by MaryAlice Bitts-Jackson
Johnson was named to the U.S. Army’s annual Cadet Command order-of-merit list, which ranks all 5,536 graduating-senior cadets in the country according to grade point average, physical fitness, and performance during ROTC training and Advanced Camp at Fort Knox, Kentucky. The score also takes into account participation in college athletics.
Those who score within the top 20 percent are named Distinguished Military Graduates—an honor Johnson shares with classmate Hayley Murdough. Johnson additionally ranked ninth in the nation, the only student from a liberal-arts college to be named among the top 10.
His score represents not just academic and athletic excellence but also demonstration of strong leadership that's rooted in cultural competency and empathy, says Joseph Wyszynski, professor of military science and chair of the military science department. "Ellis always leads from the front, looks out for fellow cadets, and maintains high standards inside and outside of the classroom," Wyszynski says. "He is developing into a leader who will inspire and motivate U.S. service members."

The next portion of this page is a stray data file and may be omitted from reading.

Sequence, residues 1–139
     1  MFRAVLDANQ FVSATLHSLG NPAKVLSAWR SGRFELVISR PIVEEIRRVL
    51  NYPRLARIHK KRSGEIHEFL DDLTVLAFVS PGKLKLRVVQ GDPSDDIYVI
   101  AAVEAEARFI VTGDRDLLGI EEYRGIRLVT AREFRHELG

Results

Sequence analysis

The honor arrives on the heels of a 2016 scholarship that allowed Johnson to study Russian in Narva, Estonia, for eight weeks during the summer after his sophomore year. Sponsored by the Defense Language and National Security Education Office and administered by the Institute of International Education, the Project Global Officer (Project GO) scholarship is a Department of Defense initiative aimed at improving the language skills, regional expertise and intercultural communication skills of future military officers.
Looking ahead, Johnson will represent the Blue Mountain Battalion at the George C. Marshall conference at Fort Leavenworth, Kansas, next month, where he will learn about Army leadership opportunities from top Army leaders. He will attend flight school at Ft. Rucker, Alabama, after graduating next spring, and he is considering a career as an Army astronaut.
“Being a top-10 nationally ranked cadet … was the culmination of years at the gym and in the classroom," says Johnson, "and a reminder that I need to keep working to deserve that recognition."
Learn more about Johnson through his Student Snapshot profile, "Freedom to Innovate."
Published January 3, 2018